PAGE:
Mike Lee, perhaps the United States Senate’s leading voice for a conservative reform agenda, has now endorsed Ben Sasse in Nebraska’s Senate race. Lee declared, “Nebraskans need Ben Sasse to represent their values, reformers in the Senate need his conservative vote, our country needs his voice.” Lee added that Sasse is “a strong constitutional conservative who understands the proper role of government” and who “also recognizes that we must run and win on the power of our positive ideas.”
Sasse, a fifth-generation Nebraskan and one of the nation’s youngest college presidents (of Midland University), has made his opposition to Obamacare the centerpiece of his campaign. He has been highly critical of President Obama’s lawless refusal to executive Obamacare as written, in plain violation of the constitutional separation of powers. And he has expressed his opposition not only to Obamacare but also to the entire Obamacare worldview:
“I am opposed to Obamacare not just because it was passed by a dishonest legislative gimmick; not just because it puts bureaucrats between patients and doctors; not just because it infringes on religious liberty and forces people of conscience to pay for abortion; not just because its information technology systems won’t work, and will likely lead to massive data leaks of Americans’ confidential financial and health data; and not just because its budget projections were built on Ponzi schemes, and because its actual costs will dwarf all estimates from the time of its legislative debate….
“I am also against it for a much more basic reason: I oppose Obamacare because I reject the worldview underlying it.”
Sasse has also been endorsed by Paul Ryan, Tom Coburn, the Senate Conservatives Fund, the Club for Growth, the Family Research Council, and Gun Owners of America.
Reading this provocative and compelling analysis of John F. Kennedy’s political vision, I could not help but think of the reaction Arthur M. Schlesinger Jr. had when his colleague John P. Diggins told him he was writing a book favorable to Ronald Reagan’s presidency. “Please,” Schlesinger said, “don’t make him look too good.” If Schlesinger were still alive and able to read Stoll’s new account, he would undoubtedly turn purple. One thing is certain: Ira Stoll’s Kennedy is not the same as Arthur Schlesinger’s.
What's wrong with Ken Cuccinelli, Virginia's Republican candidate for governor? He's losing by nearly 10 percentage points, according to Real Clear Politics, to Terry McAuliffe, the flawed Democrat. The conventional wisdom is that Cuccinelli is too conservative on social issues, and the McAuliffe campaign has run ads painting the Republican as an extremist on abortion, gay rights, and contraception.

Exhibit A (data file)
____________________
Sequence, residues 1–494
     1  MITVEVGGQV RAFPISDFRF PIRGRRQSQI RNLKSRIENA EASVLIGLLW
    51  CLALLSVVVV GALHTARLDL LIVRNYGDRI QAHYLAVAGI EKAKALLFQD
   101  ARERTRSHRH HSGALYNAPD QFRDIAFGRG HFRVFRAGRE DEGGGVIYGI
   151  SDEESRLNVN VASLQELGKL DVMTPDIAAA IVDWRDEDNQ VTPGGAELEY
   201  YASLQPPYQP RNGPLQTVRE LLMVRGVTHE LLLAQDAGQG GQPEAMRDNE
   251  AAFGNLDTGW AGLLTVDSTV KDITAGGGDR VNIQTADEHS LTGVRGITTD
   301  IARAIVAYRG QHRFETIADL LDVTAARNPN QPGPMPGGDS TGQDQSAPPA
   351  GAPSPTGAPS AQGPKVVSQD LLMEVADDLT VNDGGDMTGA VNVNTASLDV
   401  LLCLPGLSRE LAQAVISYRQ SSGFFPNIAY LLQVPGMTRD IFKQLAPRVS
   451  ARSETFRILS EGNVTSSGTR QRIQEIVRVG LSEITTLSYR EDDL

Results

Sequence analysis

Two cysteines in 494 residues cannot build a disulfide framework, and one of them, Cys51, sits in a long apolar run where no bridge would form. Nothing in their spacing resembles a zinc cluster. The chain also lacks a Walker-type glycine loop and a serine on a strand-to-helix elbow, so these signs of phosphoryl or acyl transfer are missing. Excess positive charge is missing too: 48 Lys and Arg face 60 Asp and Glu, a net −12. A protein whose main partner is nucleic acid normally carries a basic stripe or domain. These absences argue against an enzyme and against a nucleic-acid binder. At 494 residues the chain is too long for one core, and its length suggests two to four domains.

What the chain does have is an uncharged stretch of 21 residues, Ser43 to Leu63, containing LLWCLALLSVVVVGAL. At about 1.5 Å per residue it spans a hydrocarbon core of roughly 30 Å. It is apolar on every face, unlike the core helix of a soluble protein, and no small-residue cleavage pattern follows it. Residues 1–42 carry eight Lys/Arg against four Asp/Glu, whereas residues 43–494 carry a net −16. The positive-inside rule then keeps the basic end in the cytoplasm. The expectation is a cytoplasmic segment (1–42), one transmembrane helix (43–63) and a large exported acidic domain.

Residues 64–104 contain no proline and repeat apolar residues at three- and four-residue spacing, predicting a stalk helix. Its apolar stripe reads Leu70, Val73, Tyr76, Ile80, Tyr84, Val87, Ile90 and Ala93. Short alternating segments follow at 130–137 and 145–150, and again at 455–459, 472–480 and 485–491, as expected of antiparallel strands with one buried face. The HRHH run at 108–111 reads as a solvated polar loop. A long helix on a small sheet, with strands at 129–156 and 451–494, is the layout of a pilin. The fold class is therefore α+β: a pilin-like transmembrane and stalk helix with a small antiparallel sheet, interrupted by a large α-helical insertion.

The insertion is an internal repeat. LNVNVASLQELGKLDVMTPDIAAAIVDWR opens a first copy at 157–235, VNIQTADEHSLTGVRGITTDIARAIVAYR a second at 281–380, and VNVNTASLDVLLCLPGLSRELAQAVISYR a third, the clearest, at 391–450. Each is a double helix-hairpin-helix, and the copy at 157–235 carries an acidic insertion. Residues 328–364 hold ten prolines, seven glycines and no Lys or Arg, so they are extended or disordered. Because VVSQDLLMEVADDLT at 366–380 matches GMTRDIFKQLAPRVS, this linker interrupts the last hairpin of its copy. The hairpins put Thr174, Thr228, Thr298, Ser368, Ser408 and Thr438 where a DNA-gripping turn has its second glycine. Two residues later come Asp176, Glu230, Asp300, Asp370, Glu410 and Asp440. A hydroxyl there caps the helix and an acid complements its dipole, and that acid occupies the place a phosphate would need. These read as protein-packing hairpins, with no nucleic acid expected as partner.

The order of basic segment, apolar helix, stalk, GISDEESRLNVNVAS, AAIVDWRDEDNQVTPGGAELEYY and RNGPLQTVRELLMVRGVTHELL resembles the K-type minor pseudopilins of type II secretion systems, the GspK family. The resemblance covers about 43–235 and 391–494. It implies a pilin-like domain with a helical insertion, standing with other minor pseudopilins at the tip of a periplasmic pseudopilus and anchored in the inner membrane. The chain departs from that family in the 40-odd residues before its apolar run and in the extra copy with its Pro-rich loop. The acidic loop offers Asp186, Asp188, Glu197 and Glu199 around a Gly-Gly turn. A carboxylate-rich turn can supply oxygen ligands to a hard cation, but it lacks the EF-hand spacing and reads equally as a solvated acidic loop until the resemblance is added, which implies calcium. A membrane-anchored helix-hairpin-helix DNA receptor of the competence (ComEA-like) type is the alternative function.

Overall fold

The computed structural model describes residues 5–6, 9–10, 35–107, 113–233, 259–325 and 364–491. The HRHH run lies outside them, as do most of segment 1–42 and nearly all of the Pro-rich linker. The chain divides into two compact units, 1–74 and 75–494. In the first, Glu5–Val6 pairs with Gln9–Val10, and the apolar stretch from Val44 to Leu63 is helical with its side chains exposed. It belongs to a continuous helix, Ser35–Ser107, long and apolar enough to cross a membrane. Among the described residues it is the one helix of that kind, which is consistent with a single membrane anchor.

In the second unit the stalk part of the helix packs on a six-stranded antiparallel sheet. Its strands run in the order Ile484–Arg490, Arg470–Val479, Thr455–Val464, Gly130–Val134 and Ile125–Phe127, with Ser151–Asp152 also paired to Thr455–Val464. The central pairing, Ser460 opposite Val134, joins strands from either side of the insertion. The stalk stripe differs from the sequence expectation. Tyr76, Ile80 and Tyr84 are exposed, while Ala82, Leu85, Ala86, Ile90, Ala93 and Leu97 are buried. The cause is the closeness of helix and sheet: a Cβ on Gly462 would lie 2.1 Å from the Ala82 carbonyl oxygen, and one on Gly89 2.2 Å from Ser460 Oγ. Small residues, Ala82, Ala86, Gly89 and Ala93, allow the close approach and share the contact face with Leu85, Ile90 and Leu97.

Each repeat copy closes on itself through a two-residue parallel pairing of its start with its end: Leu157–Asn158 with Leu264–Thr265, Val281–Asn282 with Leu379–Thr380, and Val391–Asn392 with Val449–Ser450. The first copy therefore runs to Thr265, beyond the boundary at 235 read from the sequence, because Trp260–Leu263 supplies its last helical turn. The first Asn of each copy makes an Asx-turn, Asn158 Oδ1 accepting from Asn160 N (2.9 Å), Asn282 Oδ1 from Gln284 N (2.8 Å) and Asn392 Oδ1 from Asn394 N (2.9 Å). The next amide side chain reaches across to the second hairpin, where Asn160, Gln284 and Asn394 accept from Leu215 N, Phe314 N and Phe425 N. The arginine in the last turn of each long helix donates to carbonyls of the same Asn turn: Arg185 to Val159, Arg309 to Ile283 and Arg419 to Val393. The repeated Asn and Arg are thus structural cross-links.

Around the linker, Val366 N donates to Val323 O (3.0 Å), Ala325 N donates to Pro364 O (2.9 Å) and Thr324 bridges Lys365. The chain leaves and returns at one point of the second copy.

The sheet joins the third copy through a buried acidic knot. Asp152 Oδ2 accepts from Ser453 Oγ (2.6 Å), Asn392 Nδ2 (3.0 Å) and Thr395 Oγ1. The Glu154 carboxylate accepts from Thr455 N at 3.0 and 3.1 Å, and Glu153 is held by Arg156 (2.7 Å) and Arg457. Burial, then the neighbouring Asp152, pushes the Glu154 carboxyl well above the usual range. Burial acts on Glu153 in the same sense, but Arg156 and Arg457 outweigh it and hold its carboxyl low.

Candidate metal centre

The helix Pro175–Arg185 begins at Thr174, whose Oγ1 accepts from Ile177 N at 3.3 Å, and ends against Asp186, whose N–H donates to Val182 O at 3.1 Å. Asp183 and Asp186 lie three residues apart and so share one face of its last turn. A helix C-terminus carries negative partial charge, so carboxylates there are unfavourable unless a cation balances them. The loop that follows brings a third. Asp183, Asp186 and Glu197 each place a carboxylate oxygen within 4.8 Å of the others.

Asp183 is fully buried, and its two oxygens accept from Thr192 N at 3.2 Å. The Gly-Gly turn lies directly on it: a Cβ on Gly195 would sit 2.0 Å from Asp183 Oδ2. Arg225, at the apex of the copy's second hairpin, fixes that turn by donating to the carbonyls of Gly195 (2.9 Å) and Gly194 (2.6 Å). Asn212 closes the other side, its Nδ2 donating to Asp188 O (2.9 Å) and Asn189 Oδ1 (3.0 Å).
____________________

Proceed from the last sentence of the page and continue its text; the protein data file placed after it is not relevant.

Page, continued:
In Sweden, President Obama complained about the way he's sometimes treated back home in the United States, and suggested he'd be more welcomed in Europe:
"You know, I have to say that if I were here in Europe, I'd probably be considered right in the middle, maybe center-left, maybe center-right, depending on the country. In the United States, sometimes the names I'm called are quite different," Obama said at a joint press conference.
Senate minority leader Mitch McConnell, the five-term Republican from Kentucky, has drawn a primary challenge for his reelection effort next year from businessman Matt Bevin. Bevin, who will likely self-finance part of his campaign, is out with his first ad Wednesday. The 30-second spot purports to introduce the first-time candidate to voters, though it spends just as much time criticizing the 71-year-old McConnell for his "30 years in Washington."
The latest Washington Post/ABC News poll indicates that the only group of Americans who remain strongly supportive of Obamacare are self-described “liberal Democrats.” Even “moderate or conservative” Democrats have started to jump ship en masse — as they’re now more likely to oppose Obamacare than to support it. Given that most Democrats (57 percent, according to the poll) claim to be either “moderate” or “conservative,” this poses a major problem for the Obama administration’s centerpiece legislation.
Kenneth Minogue, longtime professor of politics at the London School of Economics, died Friday, age 83. He was a leading conservative political thinker of our time—no, he was a leading political thinker, period, of our time, whose classic, The Liberal Mind, written a half century ago, remains must reading. Here's a taste of Minogue, courtesy of Steven Hayward at Powerline:
“There were giants in the earth in those days.” The death on December 19 of Robert Bork—superb legal scholar, preeminent constitutional thinker, principled public servant—calls to mind the other giants of American conservatism who have left us in the last decade: Bill Buckley and Irving Kristol, Milton Friedman and James Q. Wilson, Richard John Neuhaus and Jeane Kirkpatrick, Ronald Reagan and Jack Kemp. They were the greatest conservative generation. They rode into the valley of liberal orthodoxies and emerged sometimes triumphant, always unbowed. When can their glory fade? They left our nation stronger and better for their efforts.
I know a gaffe when I see one, having made many myself, and Romney’s 47 percent remark was no gaffe. It was an expression of a belief so deeply held, and so thoroughly validated in the circles in which Romney travels, that it required no fact-checking.